By Philip Curtis
At the end of the classic film The Battle of Britain there is a list of the nationalities of the participating Allied airmen. Included is the suggestion that one Israeli took part. Given that the State of Israel was not founded until 1948 this cannot be true. Other lists show not an Israeli but a Palestinian. This is also false.
In each case, it would appear that the man being referred to is Pilot Officer George Ernest Goodman, who flew Hurricanes in the Battle with No 1 Squadron. Some sources specifically show him as Palestinian.
In fact Goodman held British nationality and could have shown any doubter a British passport and birth certificate. He was killed in action in 1941 and the suggestion that he did not die fighting for his own country has distressed members of his family ever since.
The misconception about George Goodman’s nationality arises from the fact that he was born in the port of Haifa on October 8 1920. The family was based there because Goodman’s father was working as an official of Palestine Railway. His career would later take him to Nigeria.
At the time the area, up to that point a part of Ottoman Southern Syria, was coming under British civilian rule and plans were in hand for the establishment of the British Mandate for Palestine which took effect in 1922.
George Goodman went on to attend Highgate School in London and was a member of the OTC there. He joined the RAF on a short service commission and began his training at Perth in June 1939. Later training took place at Hullavington and Lossiemouth. On February 27 1940 he was posted to the No 11 Group pool at St Athan, which was quickly re-designated No 6 OTU.
On May Day, having converted to Hurricanes, Pilot Officer Goodman joined No 1 Squadron at Vassincourt, France. His first success came 13 days later when, with Flight Lieutenant Prosser Hanks, he was credited with shooting down a Heinkel He 111 south of Rheims.
Men of the Battle of Britain by Kenneth G Wynn demonstrates that Goodman fought gallantly in the Battle. It notes that: “On July 25 (1940) Goodman was attacked by four Bf 109s off Portland and did not fire his guns but one of the 109s spun into the sea after a violent breakaway. He shared in the destruction of a Do 17 off Cherbourg on August 11, destroyed a He 111 on the 16th and shared a Do 17 and destroyed a Bf 110 and shared a Do 17 on the 18th. Whilst shooting the Bf 110 down, Goodman was attacked by a Bf 109, which chased him back to the English coast, filling his Hurricane with cannon shells and bullets. Goodman landed safely but his aircraft was a write-off.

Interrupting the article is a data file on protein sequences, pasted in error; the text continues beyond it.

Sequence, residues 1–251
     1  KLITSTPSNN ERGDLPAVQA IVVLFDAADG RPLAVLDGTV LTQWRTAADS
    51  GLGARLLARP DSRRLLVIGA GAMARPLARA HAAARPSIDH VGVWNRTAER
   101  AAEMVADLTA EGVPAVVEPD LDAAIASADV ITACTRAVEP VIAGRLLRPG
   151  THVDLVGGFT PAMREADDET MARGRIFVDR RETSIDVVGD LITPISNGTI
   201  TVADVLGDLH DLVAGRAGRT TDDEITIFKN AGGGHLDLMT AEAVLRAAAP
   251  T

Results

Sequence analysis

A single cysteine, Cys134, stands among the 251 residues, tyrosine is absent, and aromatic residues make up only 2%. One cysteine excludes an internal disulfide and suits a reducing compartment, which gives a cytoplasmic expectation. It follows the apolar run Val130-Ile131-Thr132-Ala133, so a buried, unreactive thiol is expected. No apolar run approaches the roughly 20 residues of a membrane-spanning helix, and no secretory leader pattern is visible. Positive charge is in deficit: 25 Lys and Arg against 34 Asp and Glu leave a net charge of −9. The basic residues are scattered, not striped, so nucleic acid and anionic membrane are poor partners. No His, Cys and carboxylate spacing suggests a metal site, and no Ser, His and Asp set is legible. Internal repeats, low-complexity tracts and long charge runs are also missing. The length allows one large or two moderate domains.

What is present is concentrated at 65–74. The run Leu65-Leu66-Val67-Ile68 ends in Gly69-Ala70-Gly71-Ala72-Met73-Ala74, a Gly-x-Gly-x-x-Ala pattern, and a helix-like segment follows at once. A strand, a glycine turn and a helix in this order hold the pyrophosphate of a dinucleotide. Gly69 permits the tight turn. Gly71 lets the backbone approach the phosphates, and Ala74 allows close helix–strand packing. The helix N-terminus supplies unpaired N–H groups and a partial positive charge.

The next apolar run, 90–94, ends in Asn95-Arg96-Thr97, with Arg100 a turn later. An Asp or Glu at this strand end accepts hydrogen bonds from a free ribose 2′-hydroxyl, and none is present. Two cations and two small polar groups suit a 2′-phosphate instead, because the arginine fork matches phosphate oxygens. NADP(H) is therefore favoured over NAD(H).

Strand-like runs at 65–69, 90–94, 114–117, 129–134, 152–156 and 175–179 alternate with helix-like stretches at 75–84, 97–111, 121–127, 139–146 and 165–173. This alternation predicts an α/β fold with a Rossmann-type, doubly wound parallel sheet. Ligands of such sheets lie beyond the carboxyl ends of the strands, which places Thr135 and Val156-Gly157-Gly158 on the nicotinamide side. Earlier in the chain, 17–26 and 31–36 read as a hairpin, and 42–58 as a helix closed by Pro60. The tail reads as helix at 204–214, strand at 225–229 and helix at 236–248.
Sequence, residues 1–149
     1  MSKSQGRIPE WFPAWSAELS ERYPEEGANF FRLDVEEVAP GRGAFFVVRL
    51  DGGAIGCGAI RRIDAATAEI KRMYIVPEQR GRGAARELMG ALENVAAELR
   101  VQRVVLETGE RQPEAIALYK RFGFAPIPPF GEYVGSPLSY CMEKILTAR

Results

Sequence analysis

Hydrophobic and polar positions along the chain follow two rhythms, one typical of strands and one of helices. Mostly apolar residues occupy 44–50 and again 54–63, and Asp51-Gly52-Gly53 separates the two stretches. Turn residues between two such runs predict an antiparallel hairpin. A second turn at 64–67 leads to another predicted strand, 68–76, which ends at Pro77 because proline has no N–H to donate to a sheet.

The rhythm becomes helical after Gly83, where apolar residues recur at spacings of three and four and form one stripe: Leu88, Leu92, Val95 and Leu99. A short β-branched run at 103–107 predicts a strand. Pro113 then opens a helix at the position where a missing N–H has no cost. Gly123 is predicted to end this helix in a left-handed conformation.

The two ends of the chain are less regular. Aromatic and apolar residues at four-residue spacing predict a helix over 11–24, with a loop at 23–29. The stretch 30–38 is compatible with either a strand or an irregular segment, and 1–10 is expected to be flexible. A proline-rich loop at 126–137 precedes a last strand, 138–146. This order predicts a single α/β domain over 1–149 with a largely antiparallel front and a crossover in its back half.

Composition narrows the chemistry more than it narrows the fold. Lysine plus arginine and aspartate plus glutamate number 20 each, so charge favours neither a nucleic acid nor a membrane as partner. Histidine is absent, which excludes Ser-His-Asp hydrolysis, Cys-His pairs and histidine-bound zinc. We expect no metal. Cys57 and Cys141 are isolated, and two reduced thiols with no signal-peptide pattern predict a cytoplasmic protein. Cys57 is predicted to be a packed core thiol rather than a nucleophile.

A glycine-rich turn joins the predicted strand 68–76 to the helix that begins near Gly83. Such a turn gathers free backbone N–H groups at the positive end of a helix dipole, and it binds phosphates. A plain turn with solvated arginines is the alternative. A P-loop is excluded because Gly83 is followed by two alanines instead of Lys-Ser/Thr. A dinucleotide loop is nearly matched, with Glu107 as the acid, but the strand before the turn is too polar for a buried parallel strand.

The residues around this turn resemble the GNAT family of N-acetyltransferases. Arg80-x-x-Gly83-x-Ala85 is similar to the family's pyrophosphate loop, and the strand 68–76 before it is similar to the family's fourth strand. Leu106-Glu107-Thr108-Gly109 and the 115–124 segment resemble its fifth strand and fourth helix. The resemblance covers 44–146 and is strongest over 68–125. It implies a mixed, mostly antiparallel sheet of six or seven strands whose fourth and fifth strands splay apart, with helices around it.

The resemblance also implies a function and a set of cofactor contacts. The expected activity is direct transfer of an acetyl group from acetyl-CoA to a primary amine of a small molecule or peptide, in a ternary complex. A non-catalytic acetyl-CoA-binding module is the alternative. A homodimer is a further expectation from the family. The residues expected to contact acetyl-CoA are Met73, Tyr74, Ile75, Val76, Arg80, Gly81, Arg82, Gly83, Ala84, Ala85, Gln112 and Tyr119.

“During a big raid on London on September 6, Goodman shot down a Bf 110 and was himself shot down in flames by return fire. He baled out with a sprained shoulder. His Hurricane, P 2686, crashed at Brownings Farm, Chiddingstone Causeway, Kent. Goodman flew again two days later.
“He shared a Ju 88 on October 8, damaged a Do 17 attacking RAF Feltwell on the 27th, which escaped into cloud and regained its base with crew wounded, and on the 30th he shared in the destruction of a Ju 88. He was awarded the DFC (26.11.40).”
The citation for the award included the words: “This officer has performed outstanding work in all his engagements against the enemy. In October 1940 he assisted in the destruction of an enemy bomber which was attacking an aerodrome in the failing light at dusk. His courage and resourcefulness have enabled him to destroy at least six enemy aircraft.”
Shortly after the Battle Goodman joined No 73 Squadron, with which he embarked for the Middle East on HMS Furious.
Wynn continues: “He flew Hurricane V 7535 off to Takoradi on November 29, to fly the ferry route north to Heliopolis, via Lagos, Accra, Kano, Maidugari, Khartoum, Wadi Halfa and Abu Sueir.
“At Lagos on December 5 1940 Goodman saw his mother, for what was to be the last time. He missed seeing his father, who was away with an economic mission in the Belgian Congo. When 73 left Lagos, their Hurricanes did a roll over the Goodman home at Ebutte Metta and were gone.
“During December the pilots of 73 were attached to 274 Squadron in the Western Desert. The squadron became operational again, as a unit, in early January 1941. On February 4 Goodman shot down a CR 42 in flames near Benina aerodrome and on April 9 destroyed a Bf 110 near Tobruk. In this engagement Goodman was himself shot down by Bf 110s and crash-landed behind British lines. On the 14th he shared in the destruction of a Hs 126 and on the 21st destroyed a Ju 87 over Tobruk and shared a second.
“In late March Goodman had spent a short leave in Haifa with his two sisters and took his friend Flying Officer ‘Kiwi’ Lamb [also a Battle of Britain veteran] with him. On April 14, the day Lamb was killed, Goodman shared a Hs 126. On the 21st he destroyed a Ju 87 over Torbruk and shared a second.
“Goodman destroyed a Fiat G-50 on April 22 and on May 23 he damaged a Ju 88 over Crete. He was shot down and killed on June 14 1941. Six aircraft, led by Goodman, were making a strafing attack on Gazala airfield, at the beginning of Operation Battleaxe, which was intended to lead to the lifting of the siege of Tobruk. Heavy flak was encountered and three of the Hurricanes were lost in the operation.
“One of the other aircraft lost was piloted by Sergeant John White DFM, who had flown with 72 Squadron in the Battle of Britain. Goodman is buried in Knightsbridge War Cemetery, Acroma, Libya.”
Flying Officer George Goodman (pictured below) was a man who had strong links with Palestine, but he was British.
The author adds: I am grateful to Mark Sheridan for much help in compiling this article.